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Spiritual Reflection – Pentecost 7

Spiritual Reflection – Fruit of the Spirit

By contrast, the fruit of the Spirit is love, joy, peace, patience kindness, generosity, faithfulness, gentleness, and self-control. There is no law against such things. —Galatians 5:22

We look to the Bible for good news, but sometimes what we read sounds very much like bad news. 

In the Old Testament book of Numbers, we encounter a complaining people and an angry God. Moses is leading the children of Israel through the wilderness. Behind them lies Egypt, where they had been held in bondage; up ahead is the Promised Land of freedom. But along the way the people complain to Moses about their rations. They long for the good old days in Egypt when they had meat, fish, cucumbers, melons, leeks, onions, and garlic, rather than this strange manna sent by God from heaven. “Then the Lord became very angry, and Moses was displeased.”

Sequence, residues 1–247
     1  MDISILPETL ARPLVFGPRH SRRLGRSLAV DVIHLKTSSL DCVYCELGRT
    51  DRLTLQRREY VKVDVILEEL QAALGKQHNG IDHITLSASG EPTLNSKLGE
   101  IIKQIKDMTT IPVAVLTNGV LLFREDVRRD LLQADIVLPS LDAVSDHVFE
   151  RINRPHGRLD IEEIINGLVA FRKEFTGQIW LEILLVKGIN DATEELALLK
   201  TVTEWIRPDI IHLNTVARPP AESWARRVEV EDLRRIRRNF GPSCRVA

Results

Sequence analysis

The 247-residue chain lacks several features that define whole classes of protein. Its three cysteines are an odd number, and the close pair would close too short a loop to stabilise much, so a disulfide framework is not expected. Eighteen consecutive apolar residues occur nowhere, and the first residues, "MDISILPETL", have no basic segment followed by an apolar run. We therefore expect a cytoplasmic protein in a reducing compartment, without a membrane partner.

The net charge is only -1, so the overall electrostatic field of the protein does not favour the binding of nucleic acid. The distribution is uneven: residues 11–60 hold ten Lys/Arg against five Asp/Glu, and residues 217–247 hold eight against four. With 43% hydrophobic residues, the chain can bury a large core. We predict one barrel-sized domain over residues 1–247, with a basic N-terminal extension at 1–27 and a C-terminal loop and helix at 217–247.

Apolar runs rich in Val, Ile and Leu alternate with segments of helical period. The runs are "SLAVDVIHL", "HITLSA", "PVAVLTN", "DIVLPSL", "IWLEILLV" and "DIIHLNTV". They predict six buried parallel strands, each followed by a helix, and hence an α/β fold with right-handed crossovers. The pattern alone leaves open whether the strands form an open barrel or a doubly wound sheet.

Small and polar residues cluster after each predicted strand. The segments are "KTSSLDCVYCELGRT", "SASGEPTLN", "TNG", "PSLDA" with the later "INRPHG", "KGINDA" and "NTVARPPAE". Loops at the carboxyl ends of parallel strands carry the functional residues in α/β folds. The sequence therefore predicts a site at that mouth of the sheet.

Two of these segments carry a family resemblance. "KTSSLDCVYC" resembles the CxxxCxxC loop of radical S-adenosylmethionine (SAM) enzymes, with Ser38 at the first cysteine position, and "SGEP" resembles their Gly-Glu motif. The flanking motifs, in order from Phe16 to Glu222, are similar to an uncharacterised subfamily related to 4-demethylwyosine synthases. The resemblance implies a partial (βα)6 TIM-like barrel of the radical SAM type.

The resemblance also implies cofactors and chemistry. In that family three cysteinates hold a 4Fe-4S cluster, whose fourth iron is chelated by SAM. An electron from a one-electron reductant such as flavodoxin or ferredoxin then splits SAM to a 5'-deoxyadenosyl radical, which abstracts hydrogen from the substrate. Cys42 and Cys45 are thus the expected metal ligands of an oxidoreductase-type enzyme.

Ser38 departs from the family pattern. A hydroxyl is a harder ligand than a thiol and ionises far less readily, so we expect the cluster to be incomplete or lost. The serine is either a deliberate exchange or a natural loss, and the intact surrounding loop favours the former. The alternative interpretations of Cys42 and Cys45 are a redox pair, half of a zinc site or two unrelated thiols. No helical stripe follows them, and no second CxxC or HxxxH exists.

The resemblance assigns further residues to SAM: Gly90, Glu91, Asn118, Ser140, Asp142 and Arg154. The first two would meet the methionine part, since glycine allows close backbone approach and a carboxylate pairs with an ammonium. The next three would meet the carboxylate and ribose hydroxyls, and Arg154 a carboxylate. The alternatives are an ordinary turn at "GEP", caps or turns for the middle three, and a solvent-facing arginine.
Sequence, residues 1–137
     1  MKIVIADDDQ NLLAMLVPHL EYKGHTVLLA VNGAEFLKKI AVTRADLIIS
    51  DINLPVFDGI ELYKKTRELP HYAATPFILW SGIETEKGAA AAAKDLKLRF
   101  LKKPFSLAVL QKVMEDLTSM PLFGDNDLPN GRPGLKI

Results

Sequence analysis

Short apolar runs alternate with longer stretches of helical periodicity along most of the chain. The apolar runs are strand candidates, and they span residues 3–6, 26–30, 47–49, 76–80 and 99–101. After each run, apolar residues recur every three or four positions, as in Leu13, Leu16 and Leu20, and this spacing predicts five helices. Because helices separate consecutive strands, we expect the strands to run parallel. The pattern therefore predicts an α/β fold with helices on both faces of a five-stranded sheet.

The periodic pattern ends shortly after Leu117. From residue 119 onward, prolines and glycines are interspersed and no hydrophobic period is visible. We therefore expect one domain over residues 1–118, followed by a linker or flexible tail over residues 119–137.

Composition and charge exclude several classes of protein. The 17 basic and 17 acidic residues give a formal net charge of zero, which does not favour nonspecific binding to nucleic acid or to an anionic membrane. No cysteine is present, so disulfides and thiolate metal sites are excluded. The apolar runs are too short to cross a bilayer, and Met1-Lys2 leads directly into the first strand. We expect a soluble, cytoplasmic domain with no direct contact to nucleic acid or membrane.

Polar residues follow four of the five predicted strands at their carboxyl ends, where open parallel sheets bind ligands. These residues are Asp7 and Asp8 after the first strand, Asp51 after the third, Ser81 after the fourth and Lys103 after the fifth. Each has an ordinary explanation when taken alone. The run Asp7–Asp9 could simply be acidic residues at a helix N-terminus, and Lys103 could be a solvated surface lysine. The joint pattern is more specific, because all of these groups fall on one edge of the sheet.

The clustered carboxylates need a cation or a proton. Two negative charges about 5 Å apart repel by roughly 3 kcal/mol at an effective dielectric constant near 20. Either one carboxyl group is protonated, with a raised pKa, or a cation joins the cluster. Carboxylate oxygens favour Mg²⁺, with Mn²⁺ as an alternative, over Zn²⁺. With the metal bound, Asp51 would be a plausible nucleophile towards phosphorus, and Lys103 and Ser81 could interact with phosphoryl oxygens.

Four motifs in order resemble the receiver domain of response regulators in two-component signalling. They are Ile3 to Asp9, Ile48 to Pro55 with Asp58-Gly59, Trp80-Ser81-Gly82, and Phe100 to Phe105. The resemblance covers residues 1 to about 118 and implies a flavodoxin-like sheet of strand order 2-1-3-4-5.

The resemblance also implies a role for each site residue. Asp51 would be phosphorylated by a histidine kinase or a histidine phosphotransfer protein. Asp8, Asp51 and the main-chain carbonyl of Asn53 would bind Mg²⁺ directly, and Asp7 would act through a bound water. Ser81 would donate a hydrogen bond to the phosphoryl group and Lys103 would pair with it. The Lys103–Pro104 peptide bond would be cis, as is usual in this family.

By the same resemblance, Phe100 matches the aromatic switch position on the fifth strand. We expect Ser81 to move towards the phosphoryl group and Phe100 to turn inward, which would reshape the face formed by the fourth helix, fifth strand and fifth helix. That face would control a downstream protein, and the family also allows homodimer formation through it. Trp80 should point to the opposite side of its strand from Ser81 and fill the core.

In the New Testament book of James we are reminded that our life is but “a mist that appears for a little while and then vanishes.” Those of us who may be considered rich are advised to “weep and wail for the miseries that are coming. Your riches have rotted, and your clothes are moth-eaten. Your gold and silver have rusted, and their rust will be evidence against you, and it will eat your flesh like fire.”